• Becky on December 31, 2014 at 11:33 pm

      The handrails were sturdy Jodee! You should definitely try to get out there sometime.

      And thank you, I hope you have a great 2015 as well!



  7. Vincent Goetz on December 31, 2014 at 5:44 am

    I think Highway 25 is one of the prettiest parts of California….



    • Becky on December 31, 2014 at 11:31 pm

      It was a nice drive Vincent, and the lack of traffic was a welcome change from the roads near SF.



  8. Terri on December 31, 2014 at 4:11 am

    Yep, another hike I could not do – squeezing through tight places is not something I can do well, as I start to feel claustrophobic. Beautiful pictures as always, Becky, and I”m so glad you guys had a good Christmas. Very good you didn’t have to be alone (although, you and I both know that’s not the worst thing in the world, you just have to be comfortable with your own company.)

    Hope you have something fun planned for NYE!

    Terri
    Terri recently posted..Easy Like Sunday MorningMy Profile



    • Becky on December 31, 2014 at 11:27 pm

      Glad you enjoyed the pictures Terri and yes, I did have a good Christmas and hope you’ve enjoyed the holidays as well.

      Take care!



  9. Ron on December 30, 2014 at 8:31 pm

    And a HAPPY, Fun & Safe New Year to both of you, May your adventures continue to be GREAT!!! Ron



    • Becky on December 31, 2014 at 11:21 pm

      Thanks Ron, wishing you a good 2015 as well. 🙂



      • Beekeeper on January 4, 2015 at 8:14 pm

        We love Pinnacles. Our 1st time there we set up camp and put our chairs outside and when we sat down and looked up we were blown away to see 3 California Condors flying overhead. We had not realized it was a release point for the Condors.
        We also thought the campground was fine. You can see the other trailers and RVs but are not smack up next to them and the oak trees are spectacular. We loved being woken up by the wild turkeys and the hiking is fine.
        All in all a great place to visit.



        • Becky on January 4, 2015 at 9:13 pm

          Sadly we didn’t see any during our stay, but there were signs around about them. That must have been really neat!



  10. Rene on December 30, 2014 at 7:43 pm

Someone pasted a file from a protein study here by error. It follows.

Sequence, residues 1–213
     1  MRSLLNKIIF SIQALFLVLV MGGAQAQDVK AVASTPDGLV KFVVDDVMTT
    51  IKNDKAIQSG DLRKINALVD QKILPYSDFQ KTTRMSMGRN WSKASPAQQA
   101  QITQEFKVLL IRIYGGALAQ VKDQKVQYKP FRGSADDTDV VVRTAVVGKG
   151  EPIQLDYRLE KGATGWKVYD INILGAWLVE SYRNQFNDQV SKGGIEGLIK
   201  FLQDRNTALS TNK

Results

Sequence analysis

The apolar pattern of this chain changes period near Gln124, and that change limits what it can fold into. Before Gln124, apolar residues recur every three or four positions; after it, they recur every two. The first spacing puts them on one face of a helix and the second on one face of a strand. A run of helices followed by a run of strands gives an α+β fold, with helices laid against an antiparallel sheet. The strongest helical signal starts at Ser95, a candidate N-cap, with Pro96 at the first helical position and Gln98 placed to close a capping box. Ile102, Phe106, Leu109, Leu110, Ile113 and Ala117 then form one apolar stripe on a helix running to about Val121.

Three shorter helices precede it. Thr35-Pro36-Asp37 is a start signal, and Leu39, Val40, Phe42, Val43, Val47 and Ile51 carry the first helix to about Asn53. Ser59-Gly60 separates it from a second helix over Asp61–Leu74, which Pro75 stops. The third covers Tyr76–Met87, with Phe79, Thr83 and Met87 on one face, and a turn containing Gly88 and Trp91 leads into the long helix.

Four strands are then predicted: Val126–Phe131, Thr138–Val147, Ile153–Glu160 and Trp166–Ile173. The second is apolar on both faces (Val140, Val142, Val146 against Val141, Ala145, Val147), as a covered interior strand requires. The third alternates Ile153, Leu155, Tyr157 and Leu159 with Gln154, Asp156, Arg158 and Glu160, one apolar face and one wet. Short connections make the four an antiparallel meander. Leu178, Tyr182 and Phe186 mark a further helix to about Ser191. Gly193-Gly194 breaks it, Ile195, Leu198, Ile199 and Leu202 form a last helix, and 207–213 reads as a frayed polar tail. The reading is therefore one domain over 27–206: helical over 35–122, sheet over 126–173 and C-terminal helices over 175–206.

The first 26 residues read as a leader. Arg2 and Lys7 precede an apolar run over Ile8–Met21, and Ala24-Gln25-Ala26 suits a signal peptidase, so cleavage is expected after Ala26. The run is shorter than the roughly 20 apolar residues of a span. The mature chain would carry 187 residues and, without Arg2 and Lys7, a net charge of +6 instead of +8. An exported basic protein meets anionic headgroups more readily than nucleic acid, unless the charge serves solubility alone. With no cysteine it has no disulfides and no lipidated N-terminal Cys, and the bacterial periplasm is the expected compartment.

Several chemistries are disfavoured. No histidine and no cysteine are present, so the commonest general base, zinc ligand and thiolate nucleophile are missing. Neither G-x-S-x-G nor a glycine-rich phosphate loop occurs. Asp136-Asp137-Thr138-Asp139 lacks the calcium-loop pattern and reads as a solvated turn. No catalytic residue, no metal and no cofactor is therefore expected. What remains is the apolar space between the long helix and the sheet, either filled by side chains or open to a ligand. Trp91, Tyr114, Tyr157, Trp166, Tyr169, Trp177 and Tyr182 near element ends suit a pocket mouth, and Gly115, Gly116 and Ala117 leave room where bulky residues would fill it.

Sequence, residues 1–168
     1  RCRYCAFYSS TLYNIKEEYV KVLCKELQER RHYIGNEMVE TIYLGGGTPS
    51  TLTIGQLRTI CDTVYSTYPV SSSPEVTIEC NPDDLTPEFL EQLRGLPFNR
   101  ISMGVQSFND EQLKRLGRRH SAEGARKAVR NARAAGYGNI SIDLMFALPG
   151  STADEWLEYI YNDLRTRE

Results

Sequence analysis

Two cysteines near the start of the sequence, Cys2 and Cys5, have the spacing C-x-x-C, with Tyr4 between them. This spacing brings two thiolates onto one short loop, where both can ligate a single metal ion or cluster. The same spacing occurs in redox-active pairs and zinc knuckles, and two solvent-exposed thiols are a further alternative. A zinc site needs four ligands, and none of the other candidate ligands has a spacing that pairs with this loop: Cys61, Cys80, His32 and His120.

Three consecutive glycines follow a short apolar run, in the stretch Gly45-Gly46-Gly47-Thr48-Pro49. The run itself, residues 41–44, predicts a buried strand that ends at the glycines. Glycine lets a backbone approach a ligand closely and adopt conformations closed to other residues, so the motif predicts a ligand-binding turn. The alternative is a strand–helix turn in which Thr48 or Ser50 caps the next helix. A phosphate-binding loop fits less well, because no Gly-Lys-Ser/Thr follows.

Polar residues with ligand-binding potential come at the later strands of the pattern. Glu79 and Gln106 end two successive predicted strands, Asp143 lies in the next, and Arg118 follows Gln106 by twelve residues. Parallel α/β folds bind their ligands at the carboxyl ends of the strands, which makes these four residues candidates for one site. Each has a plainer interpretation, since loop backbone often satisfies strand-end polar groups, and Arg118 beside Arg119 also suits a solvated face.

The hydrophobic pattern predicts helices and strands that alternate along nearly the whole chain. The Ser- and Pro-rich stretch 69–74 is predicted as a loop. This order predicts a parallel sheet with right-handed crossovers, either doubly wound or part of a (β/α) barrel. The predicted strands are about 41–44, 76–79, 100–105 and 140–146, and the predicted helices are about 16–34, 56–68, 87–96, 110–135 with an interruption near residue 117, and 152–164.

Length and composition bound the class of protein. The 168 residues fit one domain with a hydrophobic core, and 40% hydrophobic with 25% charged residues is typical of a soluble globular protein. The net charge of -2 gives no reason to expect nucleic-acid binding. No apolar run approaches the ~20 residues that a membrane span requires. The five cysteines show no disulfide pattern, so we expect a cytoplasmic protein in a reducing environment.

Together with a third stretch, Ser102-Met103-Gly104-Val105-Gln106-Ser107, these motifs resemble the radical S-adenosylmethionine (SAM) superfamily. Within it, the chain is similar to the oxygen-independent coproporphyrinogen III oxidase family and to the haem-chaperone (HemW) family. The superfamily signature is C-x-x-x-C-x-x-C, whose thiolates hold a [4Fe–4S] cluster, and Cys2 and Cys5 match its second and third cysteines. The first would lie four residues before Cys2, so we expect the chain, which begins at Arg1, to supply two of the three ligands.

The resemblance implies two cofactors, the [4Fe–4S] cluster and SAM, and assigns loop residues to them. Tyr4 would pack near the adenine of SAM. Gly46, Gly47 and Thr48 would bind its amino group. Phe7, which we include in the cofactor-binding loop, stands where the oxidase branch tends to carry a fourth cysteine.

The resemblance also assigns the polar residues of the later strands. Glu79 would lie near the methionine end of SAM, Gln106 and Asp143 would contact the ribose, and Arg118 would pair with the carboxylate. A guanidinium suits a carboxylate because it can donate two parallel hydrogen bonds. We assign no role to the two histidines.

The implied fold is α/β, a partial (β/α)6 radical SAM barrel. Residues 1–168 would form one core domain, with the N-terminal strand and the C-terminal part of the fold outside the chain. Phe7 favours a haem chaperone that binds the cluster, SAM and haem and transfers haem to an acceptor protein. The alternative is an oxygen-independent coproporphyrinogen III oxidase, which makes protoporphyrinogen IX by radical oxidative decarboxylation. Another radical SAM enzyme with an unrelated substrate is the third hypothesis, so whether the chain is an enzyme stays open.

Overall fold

Sounds like a great Christmas Day for the two of you! We spent it with our son, played a board game and had beef rolls for dinner. To us, Christmas is about sharing it with those we love, not gifts and tinsel.
    I definitley want to return to Pinnacles. I was last year as a teenager and it sure is different than I remember.
    Enjoy your California travels!
    Rene recently posted..R ‘n R For UsMy Profile



    • Rene on December 30, 2014 at 7:45 pm

      I was last *there* as a teenager…



      • Becky on December 31, 2014 at 11:19 pm

        Hehe, I figured Rene! Glad you had a good Christmas with your son.



  11. Todd on December 30, 2014 at 7:15 pm

    Thanks for sharing. The best to you & Julie in 2015. Safe travels. Hoping to join you after a failed launch in 2014.



    • Rob on December 30, 2014 at 7:42 pm

      Hwy 1 between Santa Cruz & down by San Luis Obispo has great scenery, some don’t like the road going south (the ocean side).



    • Becky on December 31, 2014 at 11:17 pm

      There is no failure as long as you keep trying Todd, don’t get discouraged! Have a great 2015 as well, hope to hear from you on the road.



  12. Maura on December 30, 2014 at 6:11 pm

    You two are traveling in my neck of the woods! But somehow it is more beautiful when reading your experience! Good luck on your future travels Becky…You are the Bomb! Wishing you the most abundant 2015!
    Maura recently posted..SerendipidyMy Profile



    • Becky on December 31, 2014 at 11:16 pm

      Thank you Maura, and a good new year to you too!